Here's the question you clicked on:
henpen
If \[g(x)=\left\{\begin{matrix} \frac{2xy}{x^2+y^2} \text{ if }(x,y) \ne (0,0)\\ 0\text{ if }(x,y) = (0,0) \end{matrix}\right. \] Show that \[ g_y(0,0) \] and \[ g_x(0,0) \]exist.
I'm not sure how to approach this- how do you find \[ g_y(x,y) \] in the first place if \[ g(x,y) \] is 2 functions glued together?
that is just partial derivative, the function is extended function ...use the inequality to find the derivative.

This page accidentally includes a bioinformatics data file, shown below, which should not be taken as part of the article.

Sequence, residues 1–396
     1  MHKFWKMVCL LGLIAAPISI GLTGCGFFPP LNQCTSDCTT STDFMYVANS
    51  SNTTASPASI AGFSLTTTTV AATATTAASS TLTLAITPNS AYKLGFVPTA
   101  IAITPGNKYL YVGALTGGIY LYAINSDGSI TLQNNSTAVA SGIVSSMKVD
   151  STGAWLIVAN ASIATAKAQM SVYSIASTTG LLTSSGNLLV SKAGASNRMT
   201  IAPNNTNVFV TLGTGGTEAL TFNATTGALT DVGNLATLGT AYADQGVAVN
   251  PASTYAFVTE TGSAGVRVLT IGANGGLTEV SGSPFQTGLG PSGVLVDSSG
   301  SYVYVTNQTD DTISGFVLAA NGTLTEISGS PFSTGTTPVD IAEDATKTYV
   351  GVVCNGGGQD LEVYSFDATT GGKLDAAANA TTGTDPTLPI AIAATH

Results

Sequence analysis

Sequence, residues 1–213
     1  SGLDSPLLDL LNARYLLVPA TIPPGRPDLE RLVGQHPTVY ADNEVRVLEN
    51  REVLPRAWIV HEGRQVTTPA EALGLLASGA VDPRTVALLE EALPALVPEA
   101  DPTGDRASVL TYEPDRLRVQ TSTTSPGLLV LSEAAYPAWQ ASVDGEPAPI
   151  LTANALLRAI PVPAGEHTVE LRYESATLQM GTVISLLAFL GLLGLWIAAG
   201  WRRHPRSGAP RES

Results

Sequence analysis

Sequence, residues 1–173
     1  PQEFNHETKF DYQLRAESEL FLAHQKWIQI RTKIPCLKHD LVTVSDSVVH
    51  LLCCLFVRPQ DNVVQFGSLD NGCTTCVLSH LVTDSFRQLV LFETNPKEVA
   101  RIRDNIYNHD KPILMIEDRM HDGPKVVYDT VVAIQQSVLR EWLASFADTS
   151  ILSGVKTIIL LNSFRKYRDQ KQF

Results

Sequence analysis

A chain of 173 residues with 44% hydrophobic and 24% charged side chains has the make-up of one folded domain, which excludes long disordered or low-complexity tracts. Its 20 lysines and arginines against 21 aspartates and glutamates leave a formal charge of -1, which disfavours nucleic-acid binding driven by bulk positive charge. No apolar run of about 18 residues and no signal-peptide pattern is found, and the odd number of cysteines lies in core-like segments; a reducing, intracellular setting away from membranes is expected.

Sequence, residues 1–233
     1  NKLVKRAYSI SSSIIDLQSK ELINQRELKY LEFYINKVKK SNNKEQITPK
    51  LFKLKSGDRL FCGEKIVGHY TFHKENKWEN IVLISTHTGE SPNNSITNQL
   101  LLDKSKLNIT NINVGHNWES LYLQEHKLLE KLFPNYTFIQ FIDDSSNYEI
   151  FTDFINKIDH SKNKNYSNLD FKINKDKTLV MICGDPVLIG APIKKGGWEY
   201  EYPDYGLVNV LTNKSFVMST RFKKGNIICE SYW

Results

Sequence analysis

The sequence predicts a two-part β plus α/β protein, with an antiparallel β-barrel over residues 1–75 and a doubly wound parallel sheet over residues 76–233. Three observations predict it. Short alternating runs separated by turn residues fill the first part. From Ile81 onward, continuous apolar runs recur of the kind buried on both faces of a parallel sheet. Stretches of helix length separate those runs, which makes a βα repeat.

use g(x) = 2xy/(x+y)
Why would that work, given that at (0,0) the inequality does not hold necessarily?
the function is continuous since f(0,0) = 0 and both limits are zero. show that the limit of partial derivatives f_x and f_y exits.
Is it always the case that if we apply a 'gluing job' to all discontinuities, the function will become continuous?
yeah ... since this is removable discontinuity.
By the way, here is the limit at x=2 the same coming from both sides/|dw:1351706587261:dw|